Any age is the right age
Any age is the right age, exactly. It doesn’t go, you know, it doesn’t get graphic!
Yes, I know where you’re going with that one!
So, the language means it maybe gears a little bit older but then these days I mean, it depends on people’s personal feelings
I guess it depends on who’s reading it as well?
Exactly, I mean the characters are seventeen-going-eighteen, our readership that we found online, and it’s been wonderful to see the kind of people reading it varies from thirteen-year-olds who are maybe coming in to finding themselves, and they are, its exactly the same as being at school and looking at the older years, pre-empting where they’re going to be in a few years’ time, but then we’ve got one of the quotes on the back of the issue that’s just been printed, from one of our readers online, she said “I never thought I would be a sixty-something reader who would be bawling my eyes out with a teen love story”, anyone can read it really, and in terms of the youngest bracket just depends on how some people feel about a bit of language really.
I think most kids these days are reading stuff that has a bit of language in!
Exactly! We come from a more innocent time, you know? I’ll be there going “oh no I don’t think it – oh, you know all those words already? Well that’s fine!” In terms of it being a love story, I think for any age it’s a love story. It deals with some tricky things of growing up, you know there’s a bit of bullying, one of the characters in particular has had a pretty dark passage to where he is now, but we tried to deal with it all in a very, mostly a very real approach, and as I say the fluff and the fact that they fall in love, is the bit that’s going to get them through it.
It’s just something that helps them through all the other stuff?
Yeah, very much
Awesome, well I’m going to buy a copy of that. I’ll be honest I started reading it online and went “nope, need this in my hands”, plus then I can lend it to my girl!
[You might want to look out for Breaks in a forthcoming ‘True Brit’ column… just sayin’ – Ed.]
So another thing that is coming out at the moment is Olivia Twist. The art in this book is amazing! Some of the world building that you do in the backgrounds for example the moment in issue one where they go onto the roof! Where did you find your inspiration for that, where did that come from?
So an element of it obviously comes from the writers, Darin [Strauss] and Adam [Dalva], because they knew they wanted it to 2050 London, they kept talking about this “mile high tower”, which caused a lot of problems because the guys have never done comics before, so they’re looking at it in a filmatic way, so there’s me trying to explain to them that you can’t have a tower that is literally a mile high in a panel with some characters – you’re not going to see more than tony ants at the bottom, so that was a bit of a challenge to get around how to present that as being a high tower, whilst also being able to show things around it. In terms of that shot that you’re talking about, London was the inspiration, I literally thought well, 2050 isn’t that far ahead, and we know how much history there is in London now, but there’ll be these new monoliths sort of appearing in the middle of it, so I literally took a look, I was looking at loads of different shots that people have taken from the London Eye and whatever, mapped out London in my head, and then sort of… you can see St Paul’s if you look at that cover, St Paul’s is still there, the Shard is there, the Gherkin is there, and then I’ve just thrown in where I potentially think a new housing estate might have been, this might have been there or that might have been there. So it’s kind of recognisable as London, it’s hard because we don’t know exactly in which direction things are going to go, of course…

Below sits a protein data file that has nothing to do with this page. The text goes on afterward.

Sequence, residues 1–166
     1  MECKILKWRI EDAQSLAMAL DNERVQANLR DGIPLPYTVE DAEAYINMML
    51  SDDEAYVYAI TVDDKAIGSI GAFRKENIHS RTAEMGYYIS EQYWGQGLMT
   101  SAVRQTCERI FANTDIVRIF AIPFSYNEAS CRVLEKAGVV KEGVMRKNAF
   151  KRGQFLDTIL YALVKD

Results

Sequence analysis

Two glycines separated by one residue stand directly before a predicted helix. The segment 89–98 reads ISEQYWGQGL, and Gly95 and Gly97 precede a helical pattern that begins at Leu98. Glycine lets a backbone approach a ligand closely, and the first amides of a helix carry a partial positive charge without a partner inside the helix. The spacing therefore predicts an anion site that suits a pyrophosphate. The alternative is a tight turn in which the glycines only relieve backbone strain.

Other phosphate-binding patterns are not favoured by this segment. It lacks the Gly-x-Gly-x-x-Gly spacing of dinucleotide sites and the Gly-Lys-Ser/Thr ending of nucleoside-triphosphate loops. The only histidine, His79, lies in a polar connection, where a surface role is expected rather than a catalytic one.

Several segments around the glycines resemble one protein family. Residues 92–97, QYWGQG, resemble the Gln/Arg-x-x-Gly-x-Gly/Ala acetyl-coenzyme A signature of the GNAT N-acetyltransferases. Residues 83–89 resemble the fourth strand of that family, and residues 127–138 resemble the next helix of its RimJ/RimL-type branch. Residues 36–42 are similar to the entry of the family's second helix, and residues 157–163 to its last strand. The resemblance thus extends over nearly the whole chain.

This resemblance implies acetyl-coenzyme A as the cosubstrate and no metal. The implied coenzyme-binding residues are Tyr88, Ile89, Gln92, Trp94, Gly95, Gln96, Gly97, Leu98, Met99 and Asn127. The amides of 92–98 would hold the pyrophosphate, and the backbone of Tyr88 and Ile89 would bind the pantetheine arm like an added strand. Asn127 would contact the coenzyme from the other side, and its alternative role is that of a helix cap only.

Although it is slightly worrying reading the book and thinking “things could go in this direction”!
Let’s hope it doesn’t go there, yes! It’s very much a lesson of where we do not want to go! And I think that’s quite a clever move for Adam and Darin, because Oliver Twist, Dickens was all about class, and social discrepancies, and using Oliver originally as a character through which we could see a world that just was not meshing, and that there were these different people not connecting, and so to do a twist on it, it goes far beyond just being a gender-bent version, it’s still looking societal discord, but in a way, in a direction that we’re already on, which is scary.
Seems to me like that’s a good place to leave it, Emma was an absolute joy to talk to, and I look forward to diving into Breaks as soon as I get the chance…
Breaks is available to buy where all good comics are sold, as well as online at www.breakscomic.com
Olivia Twist is four part comic book series published by Berger Books, an imprint of Dark Horse. Issues #2 is out now, and the trade is due out on 7 May 2019